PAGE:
Over three-quarters of participants/caregivers reported favourably on sensory attributes, such as taste, texture and appearance, and ease of use.
In regards to the secondary outcomes, there was a mean 50% reduction in seizures or paroxysmal events, and fewer than 10% of people on the diet produced significant ketones.
Commenting on the findings, Professor Walker, who is also a consultant neurologist at the National Hospital for Neurology and Neurosurgery, said: “Our study provides early evidence of the tolerability and effectiveness of a new dietary supplement in severe drug-resistant epilepsies in adults and children and provides a further treatment option in these devastating conditions.
“It also offers an alternative, more liberal, diet for those who cannot tolerate or do not have access to ketogenic diets.”
He added: “While this study was not designed to include enough patients to fully assess the supplement’s effects on seizures, it is exciting to report that there was a statistically significant reduction in the number of seizures in the group overall after three months of treatment.
“Furthermore, high ketone levels were not observed in over 90% of the participants. This indicates that the effect of the diet was independent from ketosis; this is important because high ketone levels in the ketogenic diets contribute to both short- and longer-term side effects.”
First author, Dr Natasha Schoeler, Research Dietitian at UCL Great Ormond Street Institute of Child Health, commented: “This novel dietary approach for epilepsy management involves following the principles of a healthy balanced diet alongside use of K.Vita, allowing greater dietary freedom compared to ketogenic diets. Our approach also requires much less input from a specialist dietician than is required by traditional ketogenic diets, and so may allow more widespread access to people with drug-resistant epilepsy.”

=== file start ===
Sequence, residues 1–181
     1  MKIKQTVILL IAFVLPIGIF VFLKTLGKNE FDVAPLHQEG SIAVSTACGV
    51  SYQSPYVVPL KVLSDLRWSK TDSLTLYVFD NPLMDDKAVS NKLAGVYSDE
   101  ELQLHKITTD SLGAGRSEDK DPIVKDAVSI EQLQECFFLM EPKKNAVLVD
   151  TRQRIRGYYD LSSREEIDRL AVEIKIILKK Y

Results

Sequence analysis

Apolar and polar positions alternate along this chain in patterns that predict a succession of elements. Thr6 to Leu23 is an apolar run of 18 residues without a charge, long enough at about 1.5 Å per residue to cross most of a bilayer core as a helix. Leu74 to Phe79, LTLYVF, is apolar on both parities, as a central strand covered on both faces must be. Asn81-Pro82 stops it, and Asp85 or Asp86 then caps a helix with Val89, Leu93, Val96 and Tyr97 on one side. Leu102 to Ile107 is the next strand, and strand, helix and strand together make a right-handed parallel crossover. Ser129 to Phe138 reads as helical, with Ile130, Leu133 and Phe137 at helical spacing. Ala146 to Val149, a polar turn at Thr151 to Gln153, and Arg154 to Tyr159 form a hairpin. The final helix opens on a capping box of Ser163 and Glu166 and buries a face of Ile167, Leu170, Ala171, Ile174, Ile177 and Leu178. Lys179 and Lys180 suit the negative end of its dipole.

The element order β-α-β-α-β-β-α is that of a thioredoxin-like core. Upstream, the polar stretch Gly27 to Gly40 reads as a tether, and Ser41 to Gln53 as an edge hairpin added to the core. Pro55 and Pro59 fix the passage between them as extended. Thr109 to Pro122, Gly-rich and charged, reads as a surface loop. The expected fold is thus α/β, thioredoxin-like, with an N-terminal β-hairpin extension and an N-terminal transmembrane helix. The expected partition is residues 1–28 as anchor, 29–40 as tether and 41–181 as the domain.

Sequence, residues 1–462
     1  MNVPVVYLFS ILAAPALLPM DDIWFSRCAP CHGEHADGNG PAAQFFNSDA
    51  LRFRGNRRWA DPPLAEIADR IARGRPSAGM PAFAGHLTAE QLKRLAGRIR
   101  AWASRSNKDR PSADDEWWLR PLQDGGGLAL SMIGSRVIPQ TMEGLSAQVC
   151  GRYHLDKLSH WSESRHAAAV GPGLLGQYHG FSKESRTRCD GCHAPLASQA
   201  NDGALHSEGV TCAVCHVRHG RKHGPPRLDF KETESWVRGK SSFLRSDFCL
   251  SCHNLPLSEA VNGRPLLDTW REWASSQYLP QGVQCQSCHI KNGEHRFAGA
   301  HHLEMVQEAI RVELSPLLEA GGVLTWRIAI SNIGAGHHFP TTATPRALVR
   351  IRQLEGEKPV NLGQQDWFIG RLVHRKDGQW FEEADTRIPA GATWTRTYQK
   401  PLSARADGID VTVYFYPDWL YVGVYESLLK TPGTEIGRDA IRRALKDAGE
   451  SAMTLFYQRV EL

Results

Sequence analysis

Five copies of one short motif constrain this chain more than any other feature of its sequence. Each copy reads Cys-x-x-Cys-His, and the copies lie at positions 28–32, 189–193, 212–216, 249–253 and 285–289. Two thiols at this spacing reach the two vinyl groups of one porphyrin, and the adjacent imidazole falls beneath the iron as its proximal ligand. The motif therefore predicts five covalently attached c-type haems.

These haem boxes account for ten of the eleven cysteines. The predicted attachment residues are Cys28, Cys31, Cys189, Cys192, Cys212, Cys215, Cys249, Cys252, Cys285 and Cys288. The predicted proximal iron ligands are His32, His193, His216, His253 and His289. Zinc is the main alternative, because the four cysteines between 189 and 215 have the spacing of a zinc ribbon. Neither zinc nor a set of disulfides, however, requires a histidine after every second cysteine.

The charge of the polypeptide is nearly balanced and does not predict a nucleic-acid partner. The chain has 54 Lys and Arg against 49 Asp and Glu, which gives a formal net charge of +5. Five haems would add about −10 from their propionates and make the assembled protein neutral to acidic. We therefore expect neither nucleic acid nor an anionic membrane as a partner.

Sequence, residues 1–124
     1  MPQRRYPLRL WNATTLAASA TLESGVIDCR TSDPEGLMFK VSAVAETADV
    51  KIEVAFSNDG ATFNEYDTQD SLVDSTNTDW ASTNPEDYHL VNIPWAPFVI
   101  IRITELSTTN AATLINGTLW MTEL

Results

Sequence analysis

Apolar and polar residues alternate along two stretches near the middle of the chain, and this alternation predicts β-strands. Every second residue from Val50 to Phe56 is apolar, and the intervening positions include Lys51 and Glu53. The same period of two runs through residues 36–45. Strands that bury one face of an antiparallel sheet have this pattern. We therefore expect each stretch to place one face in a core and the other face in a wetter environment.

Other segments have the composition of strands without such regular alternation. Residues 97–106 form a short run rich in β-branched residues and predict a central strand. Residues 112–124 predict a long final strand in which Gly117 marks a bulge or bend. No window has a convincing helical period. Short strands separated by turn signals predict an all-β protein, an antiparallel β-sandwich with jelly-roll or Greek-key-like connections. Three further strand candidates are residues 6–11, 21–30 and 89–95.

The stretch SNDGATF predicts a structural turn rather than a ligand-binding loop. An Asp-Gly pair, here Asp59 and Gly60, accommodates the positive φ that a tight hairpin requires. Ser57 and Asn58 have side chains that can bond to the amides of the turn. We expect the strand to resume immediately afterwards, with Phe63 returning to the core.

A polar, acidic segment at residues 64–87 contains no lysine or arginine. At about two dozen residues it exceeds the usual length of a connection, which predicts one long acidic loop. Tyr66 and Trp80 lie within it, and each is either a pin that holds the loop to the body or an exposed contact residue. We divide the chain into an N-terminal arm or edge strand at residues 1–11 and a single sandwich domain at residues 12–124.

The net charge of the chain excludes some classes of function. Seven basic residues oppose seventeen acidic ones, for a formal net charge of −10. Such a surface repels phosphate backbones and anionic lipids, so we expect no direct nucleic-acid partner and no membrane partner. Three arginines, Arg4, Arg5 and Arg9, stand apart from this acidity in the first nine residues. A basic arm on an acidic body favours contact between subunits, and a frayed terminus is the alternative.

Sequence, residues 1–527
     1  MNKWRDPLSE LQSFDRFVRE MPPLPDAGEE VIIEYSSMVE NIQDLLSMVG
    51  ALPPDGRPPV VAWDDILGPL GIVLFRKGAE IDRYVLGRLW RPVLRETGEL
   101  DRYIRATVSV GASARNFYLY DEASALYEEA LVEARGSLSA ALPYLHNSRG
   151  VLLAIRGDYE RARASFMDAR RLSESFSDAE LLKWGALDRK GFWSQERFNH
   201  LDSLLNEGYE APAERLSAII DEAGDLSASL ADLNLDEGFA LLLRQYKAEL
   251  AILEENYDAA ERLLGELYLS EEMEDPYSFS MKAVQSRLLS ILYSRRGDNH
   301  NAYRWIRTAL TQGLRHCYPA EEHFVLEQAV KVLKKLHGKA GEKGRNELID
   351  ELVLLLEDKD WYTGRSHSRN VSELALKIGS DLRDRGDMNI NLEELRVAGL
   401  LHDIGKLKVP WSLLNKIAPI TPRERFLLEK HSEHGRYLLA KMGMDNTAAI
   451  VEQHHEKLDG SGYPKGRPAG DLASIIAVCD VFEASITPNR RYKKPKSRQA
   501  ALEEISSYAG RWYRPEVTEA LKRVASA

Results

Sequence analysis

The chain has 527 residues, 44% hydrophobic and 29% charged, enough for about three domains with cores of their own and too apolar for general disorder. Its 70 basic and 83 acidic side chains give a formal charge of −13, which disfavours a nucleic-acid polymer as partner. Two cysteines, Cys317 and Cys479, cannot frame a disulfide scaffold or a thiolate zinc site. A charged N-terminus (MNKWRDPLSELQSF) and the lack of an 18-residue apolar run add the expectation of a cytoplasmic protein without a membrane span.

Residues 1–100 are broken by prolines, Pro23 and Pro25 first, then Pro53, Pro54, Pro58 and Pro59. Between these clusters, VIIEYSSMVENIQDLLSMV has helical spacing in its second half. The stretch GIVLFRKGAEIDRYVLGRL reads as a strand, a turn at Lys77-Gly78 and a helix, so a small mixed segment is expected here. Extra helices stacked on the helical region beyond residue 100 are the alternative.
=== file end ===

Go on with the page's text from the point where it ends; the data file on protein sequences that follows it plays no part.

Researchers say larger, controlled studies of K.Vita are now needed to determine the precise epilepsies and conditions in which the supplement is most effective.
Patients were recruited from Great Ormond Street Hospital, Chalfont Centre for Epilepsy and The National Hospital for Neurology and Neuroscience, part of UCLH. The study was funded by VitaFlo International Ltd.
*It has been traditionally thought that the KD helps prevent seizures through the breakdown of fats, mimicking starvation. However, over the last decade, researchers at UCL and Royal Holloway, University of London, have shown that the fats themselves in the diet can prevent seizures. This has enabled the development of a novel dietary treatment for epilepsy that does not depend on a strict dietary regimen. Review published in Lancet Neurology
**Ketone is the chemical that your liver produces when it breaks down fats. The body uses ketones for energy typically during fasting, long periods of exercise, or when you don’t have as many carbohydrates
*** Drug resistant epilepsy (DRE) is a term used to describe when adequate trials of two anti-epileptic drugs (AEDs) have failed to control a person’s seizures. Some people also refer to this as “refractory”, “intractable” or “uncontrolled” epilepsy.